Nonlinear rainfall effects on savanna fire activity across the African Humid Period

Allison T. Karp, Kevin T. Uno, Melissa A. Berke, James M. Russell, Christopher A. Scholz, Jennifer R. Marlon, J. Tyler Faith, A. Carla Staver

Research output: Contribution to journalReview articlepeer-review

7 Scopus citations


Fire is a key ecosystem process in tropical and subtropical savannas, with a varying role that depends on hydroclimate but also on feedbacks between fire and vegetation. In savannas, fire response to changes in rainfall depends on mean annual rainfall: in arid and semi-arid systems, burned area increases as rainfall increases fuel amount, whereas in mesic systems with high fuel moisture, burned area decreases as rainfall increases. The non-linear relationship between burned area and rainfall may be due in part to changes in the constraints on fire activity that shift the limiting factor for burning in savannas from fuel amount to fuel moisture with increasing rainfall and decreasing seasonality. Vegetation-fire feedbacks can also promote a shift from fire-prone savanna vegetation to forest taxa that suppress fire as rainfall increases. However, modern observations are, by definition, constrained to short-term dynamics, and the longer-term effects of precipitation changes on fire activity have not been evaluated. These longer-term impacts are especially relevant for evaluating biome transitions changing in response to variable hydroclimate and fire activity. The Late Pleistocene and early Holocene African Humid Period (AHP; ∼14.5–5.5 ka), when rainfall increased substantially across northern and equatorial Africa, provides an opportunity to examine long-term fire responses to increased precipitation at sites with different mean annual rainfall amounts. Here, we combine new polycyclic aromatic hydrocarbons (PAHs) records of paleofire activity at two East African lake basins (Lakes Victoria and Turkana) with previously published fire records (i.e., charcoal, levoglucosan) at five sites (GeoB7920-2, GeoB9508-5, Lakes Chala, Tanganyika and Bosumtwe) to examine responses of fire activity along a rainfall gradient (from <200 mm to 1500 mm). Our synthesis reveals fire dynamics that are consistent with modern ecosystem dynamics and shows that fire activity at each site followed predicted patterns across the AHP depending on initial mean rainfall, with increased fire activity at arid to semi-arid sites and decreased fire activity at mesic-to-humid sites. Results illustrate that fire responses to hydroclimate are nonlinear, such that the same direction of change in precipitation can elicit different fire responses depending on the total precipitation at a site. Accounting for heterogeneity in hydroclimate, even within biomes, may improve predictions of how fire activity will respond to future changes in rainfall regimes.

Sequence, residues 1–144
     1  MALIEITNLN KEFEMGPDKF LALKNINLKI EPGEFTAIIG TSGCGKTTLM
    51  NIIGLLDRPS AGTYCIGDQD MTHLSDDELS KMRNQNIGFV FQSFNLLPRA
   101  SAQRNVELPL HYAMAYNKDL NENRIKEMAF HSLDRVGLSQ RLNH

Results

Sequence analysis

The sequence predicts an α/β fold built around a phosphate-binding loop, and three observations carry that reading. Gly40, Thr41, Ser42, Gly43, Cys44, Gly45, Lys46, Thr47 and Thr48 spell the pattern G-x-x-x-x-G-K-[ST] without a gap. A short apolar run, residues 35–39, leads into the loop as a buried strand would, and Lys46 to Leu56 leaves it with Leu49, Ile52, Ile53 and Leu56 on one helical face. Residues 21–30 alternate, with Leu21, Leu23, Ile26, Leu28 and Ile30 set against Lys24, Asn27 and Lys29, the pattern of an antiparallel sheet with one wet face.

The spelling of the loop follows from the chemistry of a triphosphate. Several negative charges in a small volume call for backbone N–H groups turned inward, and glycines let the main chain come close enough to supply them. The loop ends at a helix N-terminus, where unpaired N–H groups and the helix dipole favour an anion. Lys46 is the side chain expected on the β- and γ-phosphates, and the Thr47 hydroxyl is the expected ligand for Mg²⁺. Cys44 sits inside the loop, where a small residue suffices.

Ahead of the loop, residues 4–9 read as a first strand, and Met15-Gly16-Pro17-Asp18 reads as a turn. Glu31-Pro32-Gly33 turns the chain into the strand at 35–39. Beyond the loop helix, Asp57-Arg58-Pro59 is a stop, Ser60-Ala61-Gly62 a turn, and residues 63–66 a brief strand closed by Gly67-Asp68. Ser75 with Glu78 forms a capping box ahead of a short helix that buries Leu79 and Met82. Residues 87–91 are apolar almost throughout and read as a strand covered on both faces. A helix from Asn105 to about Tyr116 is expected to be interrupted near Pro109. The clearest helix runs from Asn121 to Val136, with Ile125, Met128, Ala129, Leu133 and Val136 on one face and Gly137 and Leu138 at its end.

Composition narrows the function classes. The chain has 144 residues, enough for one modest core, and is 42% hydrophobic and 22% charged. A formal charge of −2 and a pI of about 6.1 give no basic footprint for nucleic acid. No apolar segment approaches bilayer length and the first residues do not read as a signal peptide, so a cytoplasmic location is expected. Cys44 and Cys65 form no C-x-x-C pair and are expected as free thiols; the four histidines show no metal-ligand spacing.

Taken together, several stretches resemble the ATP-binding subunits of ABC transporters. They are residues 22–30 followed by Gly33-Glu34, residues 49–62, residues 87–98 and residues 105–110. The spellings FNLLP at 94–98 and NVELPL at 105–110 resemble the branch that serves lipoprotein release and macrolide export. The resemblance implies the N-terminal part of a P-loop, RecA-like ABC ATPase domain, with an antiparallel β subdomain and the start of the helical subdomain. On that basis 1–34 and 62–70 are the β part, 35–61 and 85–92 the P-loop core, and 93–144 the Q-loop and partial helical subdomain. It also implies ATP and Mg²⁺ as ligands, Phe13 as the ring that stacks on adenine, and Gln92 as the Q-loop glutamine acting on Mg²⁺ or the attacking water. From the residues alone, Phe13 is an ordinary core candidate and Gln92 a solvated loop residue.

Original languageEnglish (US)
Article number107994
JournalQuaternary Science Reviews
StatePublished - Mar 15 2023


  • Africa
  • Continental biomarkers
  • Holocene
  • Organic geochemistry
  • Paleoclimatology
  • Paleofire
  • Vegetation dynamics

ASJC Scopus subject areas

  • Global and Planetary Change
  • Ecology, Evolution, Behavior and Systematics
  • Archaeology
  • Archaeology
  • Geology


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